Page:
In the 1960s as ARPAnet grew into the Internet, and mainframes took up whole levels of buildings, the development platform was ‘mainframe’. Code was tested on punchcards and literal bugs were removed from the system. In the 1980s with the advent of microprocessors, the development platform moved to the PC. In the web age of the 90s and 00s, the platform became the web. In the 2010s the platform moved to mobile – smartphones, tablets. Now, we are seeing the emergence of wearables and nearables, connected in the cloud.
But what is around the corner?
Implantables. The next development platform is the human body.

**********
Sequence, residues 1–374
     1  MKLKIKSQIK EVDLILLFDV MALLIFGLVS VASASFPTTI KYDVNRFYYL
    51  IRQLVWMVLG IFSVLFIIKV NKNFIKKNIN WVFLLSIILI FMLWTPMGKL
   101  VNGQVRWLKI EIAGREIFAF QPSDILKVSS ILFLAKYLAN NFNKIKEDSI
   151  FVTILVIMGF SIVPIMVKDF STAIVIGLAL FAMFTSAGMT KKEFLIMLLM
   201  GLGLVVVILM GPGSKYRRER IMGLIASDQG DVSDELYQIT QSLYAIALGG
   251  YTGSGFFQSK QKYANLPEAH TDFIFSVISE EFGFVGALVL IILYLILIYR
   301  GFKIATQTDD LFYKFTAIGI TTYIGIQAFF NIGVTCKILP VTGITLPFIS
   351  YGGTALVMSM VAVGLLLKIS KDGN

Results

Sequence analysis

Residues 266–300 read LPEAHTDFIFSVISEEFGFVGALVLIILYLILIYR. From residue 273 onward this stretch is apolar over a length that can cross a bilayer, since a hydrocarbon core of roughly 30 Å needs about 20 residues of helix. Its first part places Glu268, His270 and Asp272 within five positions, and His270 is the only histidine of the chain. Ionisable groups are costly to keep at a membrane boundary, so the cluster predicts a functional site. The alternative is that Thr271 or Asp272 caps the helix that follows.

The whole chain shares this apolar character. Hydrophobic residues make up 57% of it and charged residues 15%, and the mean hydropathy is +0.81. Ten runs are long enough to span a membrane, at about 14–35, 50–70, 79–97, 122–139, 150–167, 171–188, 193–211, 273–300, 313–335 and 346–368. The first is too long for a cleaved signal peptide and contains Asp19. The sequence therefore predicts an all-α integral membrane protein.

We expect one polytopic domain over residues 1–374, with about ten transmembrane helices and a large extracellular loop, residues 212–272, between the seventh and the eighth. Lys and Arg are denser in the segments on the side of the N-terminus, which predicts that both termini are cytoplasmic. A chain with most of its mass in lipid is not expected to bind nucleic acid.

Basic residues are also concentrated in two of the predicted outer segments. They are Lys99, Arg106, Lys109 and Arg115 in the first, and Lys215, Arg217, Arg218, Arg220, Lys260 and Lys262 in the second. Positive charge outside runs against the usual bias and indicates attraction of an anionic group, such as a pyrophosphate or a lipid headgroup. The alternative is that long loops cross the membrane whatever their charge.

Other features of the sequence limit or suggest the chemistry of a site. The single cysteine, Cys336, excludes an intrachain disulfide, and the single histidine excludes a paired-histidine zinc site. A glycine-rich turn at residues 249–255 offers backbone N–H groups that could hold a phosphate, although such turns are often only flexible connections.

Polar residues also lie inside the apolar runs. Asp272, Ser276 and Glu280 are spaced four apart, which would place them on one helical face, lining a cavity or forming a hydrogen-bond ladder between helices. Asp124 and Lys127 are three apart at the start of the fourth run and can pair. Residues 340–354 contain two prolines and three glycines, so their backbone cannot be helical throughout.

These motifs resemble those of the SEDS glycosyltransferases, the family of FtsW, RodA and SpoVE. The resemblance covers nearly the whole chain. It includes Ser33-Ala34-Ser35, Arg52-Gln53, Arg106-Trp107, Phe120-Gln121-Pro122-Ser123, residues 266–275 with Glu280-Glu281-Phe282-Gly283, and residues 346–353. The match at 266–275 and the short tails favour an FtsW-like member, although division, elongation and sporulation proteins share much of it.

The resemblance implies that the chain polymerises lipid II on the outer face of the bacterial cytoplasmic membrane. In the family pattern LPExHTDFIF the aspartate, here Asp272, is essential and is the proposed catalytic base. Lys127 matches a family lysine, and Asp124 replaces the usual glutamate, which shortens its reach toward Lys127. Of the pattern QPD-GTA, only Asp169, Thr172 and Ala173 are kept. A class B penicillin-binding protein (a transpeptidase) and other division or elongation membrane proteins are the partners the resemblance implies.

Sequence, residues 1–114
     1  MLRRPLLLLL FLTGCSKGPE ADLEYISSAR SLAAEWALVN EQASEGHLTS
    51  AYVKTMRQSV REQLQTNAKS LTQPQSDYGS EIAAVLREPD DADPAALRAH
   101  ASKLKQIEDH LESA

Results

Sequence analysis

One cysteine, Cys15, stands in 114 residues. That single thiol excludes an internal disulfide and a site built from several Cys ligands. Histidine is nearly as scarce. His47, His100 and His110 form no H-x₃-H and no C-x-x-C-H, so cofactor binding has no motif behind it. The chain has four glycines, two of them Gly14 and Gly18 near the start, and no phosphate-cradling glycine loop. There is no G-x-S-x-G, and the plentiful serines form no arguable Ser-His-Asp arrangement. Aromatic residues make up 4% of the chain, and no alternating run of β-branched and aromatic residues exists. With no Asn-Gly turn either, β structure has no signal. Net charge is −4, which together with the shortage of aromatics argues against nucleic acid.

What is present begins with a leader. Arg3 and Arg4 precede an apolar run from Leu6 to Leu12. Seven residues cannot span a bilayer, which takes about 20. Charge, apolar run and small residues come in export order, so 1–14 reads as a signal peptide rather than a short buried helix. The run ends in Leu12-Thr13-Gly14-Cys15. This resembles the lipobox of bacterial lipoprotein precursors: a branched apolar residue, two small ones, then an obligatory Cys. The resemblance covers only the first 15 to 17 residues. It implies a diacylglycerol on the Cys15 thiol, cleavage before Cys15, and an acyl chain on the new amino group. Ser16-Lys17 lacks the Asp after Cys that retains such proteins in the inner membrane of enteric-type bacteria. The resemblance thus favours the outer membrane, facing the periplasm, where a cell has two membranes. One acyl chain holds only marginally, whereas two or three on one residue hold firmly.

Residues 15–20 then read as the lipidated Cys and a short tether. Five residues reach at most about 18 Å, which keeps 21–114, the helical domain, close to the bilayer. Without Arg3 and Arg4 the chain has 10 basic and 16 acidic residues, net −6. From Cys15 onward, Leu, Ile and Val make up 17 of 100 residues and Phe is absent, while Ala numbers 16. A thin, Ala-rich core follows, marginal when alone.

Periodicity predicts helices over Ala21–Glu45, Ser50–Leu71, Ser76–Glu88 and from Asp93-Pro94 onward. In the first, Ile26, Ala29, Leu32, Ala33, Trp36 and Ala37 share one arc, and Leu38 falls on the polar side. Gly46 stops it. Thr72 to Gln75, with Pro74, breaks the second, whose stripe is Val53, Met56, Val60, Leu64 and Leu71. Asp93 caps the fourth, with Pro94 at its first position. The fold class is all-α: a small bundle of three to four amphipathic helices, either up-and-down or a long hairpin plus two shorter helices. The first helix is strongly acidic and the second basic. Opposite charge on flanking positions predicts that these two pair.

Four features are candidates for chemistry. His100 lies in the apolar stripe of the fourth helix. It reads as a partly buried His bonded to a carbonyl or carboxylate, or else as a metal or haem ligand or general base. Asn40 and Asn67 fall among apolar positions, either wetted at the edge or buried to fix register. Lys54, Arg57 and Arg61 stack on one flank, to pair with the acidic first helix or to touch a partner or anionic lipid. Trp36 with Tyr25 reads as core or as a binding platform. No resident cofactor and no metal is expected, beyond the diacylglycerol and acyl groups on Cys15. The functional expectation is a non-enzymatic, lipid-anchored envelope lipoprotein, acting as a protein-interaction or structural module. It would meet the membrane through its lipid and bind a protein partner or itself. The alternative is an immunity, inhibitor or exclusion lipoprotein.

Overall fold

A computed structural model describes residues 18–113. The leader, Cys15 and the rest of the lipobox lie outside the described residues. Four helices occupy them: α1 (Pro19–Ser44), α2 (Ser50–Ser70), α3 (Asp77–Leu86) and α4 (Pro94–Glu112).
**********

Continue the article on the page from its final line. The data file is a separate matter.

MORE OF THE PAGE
This raises some unique challenges. There are no development environments. You *are* the development environment. If the code has a bug, it won’t just cause a race condition, it might cause your heart to race.
As an ethical computer scientist, I have a moral and ethical responsibility to make sure my code does no harm. This means strong testing, good UX research, and appropriate support mechanisms. It means having tried and tested development guidelines and practices, and coding standard to adhere to – so that we know what ‘best practice’ looks like.